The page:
There can be no possible doubt that Dr. Round's discovery is the most important event which has occurred

in the scientific study of English mediaval military architecture.

Saxon and Early Norman periods, leads him to agree with the above-mentioned authorities. After personally examining all the earthworks of this type in the county of York, and after devoting a considerable amount of time to ascertaining, as far as it is possible to do so, the history of each individual example, the writer is in a position to prove that all those earthworks the history of which can be ascertained either from contemporary records or, as is more frequently the case, from historical inferences, were erected by the Norman conquerors, the great majority of them between 1071 and 1145.

The "mottes" or "mounds," the citadels of the great majority of these earth-and-timber fortresses, are alone sufficient to differentiate them from other fortified enclosures, and to put them in a class by themselves. The greater proportion of them are also considerably less in area than are their predecessors, and everything, more especially the self-evident fact that the motte was capable of being defended not only against outside enemies, but also against its own courtyard, points to this particular class of earthwork having been erected by a foreign invader to defend himself, his family, and immediate retainers. These small private castles or individual fortresses are exactly what we should expect would be thrown up by the Norman settlers when they established the feudal tenure of land in a conquered but still hostile country. Such fortresses could be both rapidly and economically erected. It is recorded, for instance, that the erection by the Conqueror, of the castle known as Baile Hill, at York, occupied only eight days, and the cost of the great timber keep at York, erected 3 Richard I, was only £28 13s. 9d.,1 as compared with £1,927 8s. 7d. expended by Henry III on its stone successor, the existing Clifford's Tower.2 A fortress or private castle was an absolute necessity to a Norman tenant-in-capite or great feudatory ; without such a protection neither his life nor his newly-acquired property would have been worth a week's purchase. It was required not only to protect him from attack by the dispossessed natives, but from the aggression of adventurers similar to himself. These castles were essentially the fortresses of individuals and not fortresses erected, as were their predecessors, to shelter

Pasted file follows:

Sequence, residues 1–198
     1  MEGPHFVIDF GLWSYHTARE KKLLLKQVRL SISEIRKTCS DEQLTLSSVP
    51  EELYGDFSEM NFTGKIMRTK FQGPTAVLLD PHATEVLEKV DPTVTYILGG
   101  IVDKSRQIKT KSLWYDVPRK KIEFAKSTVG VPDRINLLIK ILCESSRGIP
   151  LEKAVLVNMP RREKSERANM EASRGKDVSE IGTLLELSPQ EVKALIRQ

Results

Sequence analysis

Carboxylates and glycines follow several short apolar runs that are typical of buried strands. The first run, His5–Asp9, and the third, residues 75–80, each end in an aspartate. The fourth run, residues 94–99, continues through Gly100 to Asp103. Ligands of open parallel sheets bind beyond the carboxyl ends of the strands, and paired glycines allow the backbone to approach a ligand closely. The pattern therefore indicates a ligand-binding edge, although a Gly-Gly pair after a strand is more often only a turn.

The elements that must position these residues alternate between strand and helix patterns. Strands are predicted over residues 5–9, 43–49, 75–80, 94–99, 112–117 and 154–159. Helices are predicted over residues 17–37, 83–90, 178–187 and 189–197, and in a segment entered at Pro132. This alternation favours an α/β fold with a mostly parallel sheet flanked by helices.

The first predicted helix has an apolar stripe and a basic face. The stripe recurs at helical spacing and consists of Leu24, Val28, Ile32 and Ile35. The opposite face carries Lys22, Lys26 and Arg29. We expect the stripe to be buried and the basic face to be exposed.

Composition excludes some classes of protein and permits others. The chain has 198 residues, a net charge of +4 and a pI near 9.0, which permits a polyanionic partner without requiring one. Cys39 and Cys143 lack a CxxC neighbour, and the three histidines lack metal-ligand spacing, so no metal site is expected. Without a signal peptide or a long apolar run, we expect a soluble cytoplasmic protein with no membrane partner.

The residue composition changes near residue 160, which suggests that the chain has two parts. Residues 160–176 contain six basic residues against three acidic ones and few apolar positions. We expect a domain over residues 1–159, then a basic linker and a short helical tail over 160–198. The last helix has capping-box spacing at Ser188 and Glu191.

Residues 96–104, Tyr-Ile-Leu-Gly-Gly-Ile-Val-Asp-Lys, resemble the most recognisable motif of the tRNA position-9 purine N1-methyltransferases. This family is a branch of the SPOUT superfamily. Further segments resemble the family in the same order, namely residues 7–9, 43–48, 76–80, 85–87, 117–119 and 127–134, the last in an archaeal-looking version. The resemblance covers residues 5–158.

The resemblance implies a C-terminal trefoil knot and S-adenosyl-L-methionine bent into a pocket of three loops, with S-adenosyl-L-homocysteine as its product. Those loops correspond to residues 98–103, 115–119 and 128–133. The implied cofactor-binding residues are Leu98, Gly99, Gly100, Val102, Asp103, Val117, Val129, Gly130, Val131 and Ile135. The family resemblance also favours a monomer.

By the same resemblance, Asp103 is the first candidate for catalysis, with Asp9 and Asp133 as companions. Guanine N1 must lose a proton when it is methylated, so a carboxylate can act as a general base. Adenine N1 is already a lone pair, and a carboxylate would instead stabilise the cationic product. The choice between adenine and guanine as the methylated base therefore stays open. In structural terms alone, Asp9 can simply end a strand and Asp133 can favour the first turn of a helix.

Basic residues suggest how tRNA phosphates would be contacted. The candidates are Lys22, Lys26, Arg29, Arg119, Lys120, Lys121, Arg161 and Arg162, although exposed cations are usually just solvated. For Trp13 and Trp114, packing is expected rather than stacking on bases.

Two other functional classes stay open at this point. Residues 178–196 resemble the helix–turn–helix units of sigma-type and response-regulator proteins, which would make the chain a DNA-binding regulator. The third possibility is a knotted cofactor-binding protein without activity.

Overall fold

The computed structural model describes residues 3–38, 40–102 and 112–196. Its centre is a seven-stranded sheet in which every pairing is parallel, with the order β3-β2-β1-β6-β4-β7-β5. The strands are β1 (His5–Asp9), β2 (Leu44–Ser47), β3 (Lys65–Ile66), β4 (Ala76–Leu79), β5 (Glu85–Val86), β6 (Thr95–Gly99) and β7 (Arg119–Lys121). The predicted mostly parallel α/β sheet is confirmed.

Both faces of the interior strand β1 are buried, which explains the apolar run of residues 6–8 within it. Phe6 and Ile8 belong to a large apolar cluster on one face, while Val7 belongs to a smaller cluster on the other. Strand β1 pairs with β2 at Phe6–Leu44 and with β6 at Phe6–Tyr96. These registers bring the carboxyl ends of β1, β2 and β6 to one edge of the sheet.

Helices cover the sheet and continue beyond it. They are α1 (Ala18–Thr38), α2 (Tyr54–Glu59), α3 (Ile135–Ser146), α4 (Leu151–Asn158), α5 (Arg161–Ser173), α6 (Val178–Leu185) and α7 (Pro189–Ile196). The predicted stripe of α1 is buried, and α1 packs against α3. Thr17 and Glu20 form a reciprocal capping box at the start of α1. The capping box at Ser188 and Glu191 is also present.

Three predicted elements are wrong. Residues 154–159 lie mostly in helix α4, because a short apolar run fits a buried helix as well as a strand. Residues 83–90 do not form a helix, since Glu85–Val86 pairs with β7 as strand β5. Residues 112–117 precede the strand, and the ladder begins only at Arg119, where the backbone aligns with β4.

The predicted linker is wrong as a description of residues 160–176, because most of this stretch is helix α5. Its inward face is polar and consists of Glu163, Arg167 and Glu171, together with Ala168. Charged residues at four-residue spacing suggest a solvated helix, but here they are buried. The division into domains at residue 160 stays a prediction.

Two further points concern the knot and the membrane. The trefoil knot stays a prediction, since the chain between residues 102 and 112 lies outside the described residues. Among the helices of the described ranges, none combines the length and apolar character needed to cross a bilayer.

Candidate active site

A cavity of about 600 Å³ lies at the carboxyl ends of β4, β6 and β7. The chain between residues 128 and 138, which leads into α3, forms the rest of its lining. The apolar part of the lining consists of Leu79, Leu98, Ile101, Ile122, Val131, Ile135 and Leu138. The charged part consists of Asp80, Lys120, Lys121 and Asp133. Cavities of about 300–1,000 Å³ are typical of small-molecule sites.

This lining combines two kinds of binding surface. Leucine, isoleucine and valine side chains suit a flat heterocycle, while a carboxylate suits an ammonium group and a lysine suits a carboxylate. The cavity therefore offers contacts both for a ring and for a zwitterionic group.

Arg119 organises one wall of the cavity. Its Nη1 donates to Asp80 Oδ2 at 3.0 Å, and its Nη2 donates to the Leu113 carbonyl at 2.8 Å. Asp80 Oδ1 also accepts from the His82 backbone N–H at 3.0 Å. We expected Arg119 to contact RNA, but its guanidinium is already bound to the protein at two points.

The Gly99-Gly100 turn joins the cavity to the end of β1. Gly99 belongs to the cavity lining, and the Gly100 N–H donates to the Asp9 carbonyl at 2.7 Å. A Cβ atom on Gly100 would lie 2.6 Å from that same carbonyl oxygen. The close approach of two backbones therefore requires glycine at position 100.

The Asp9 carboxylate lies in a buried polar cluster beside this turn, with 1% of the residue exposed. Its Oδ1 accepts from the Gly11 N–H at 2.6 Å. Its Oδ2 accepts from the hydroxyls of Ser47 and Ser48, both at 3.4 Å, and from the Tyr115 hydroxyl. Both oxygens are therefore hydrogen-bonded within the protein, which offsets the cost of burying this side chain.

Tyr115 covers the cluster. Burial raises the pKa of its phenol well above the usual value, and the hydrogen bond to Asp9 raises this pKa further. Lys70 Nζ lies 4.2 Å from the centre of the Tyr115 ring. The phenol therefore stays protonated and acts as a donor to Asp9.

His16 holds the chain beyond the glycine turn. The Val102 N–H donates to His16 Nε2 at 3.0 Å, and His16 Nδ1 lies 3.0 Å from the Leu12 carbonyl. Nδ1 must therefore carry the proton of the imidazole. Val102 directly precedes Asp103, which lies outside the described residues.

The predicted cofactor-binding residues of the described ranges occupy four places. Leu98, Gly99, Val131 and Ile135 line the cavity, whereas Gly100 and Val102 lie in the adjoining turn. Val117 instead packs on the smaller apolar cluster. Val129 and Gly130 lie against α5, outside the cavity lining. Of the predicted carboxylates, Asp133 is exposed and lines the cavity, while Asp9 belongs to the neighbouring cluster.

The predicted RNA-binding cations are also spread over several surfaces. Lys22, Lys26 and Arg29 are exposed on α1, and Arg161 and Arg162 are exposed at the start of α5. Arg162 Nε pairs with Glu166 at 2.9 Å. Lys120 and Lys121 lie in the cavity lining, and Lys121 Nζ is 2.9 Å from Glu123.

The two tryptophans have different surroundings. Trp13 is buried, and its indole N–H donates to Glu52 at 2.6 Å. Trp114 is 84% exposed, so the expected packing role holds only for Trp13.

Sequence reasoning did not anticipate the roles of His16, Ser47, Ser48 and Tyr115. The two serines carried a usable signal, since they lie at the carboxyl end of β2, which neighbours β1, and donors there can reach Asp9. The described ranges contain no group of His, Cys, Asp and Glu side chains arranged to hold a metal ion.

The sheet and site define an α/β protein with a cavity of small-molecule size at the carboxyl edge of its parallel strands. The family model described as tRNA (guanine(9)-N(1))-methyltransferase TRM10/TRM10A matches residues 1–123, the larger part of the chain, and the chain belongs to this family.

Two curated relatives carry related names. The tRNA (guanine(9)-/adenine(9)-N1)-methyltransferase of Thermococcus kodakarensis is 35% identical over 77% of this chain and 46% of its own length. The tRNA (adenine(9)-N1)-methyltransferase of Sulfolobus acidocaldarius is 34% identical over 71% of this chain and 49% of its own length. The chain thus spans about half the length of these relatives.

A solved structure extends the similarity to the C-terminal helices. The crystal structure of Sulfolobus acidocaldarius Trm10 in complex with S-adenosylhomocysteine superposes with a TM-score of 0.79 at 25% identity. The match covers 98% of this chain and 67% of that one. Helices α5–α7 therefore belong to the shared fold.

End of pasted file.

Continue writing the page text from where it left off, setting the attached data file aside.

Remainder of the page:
14 In operatione castri, £28 13s. 9d." Pipe Roll, 3 Richard I.

2 Mrs. Armitage's Early Norman Castles of the British Isles, p. 246, which gives a very instructive history of the various towers which succeeded one

another on the motte at York. We may multiply these figures by 20 to get at their equivalent in modern money. Thus we see that a timber keep cost about £560, as compared with about £39,550 expended on a stone keep.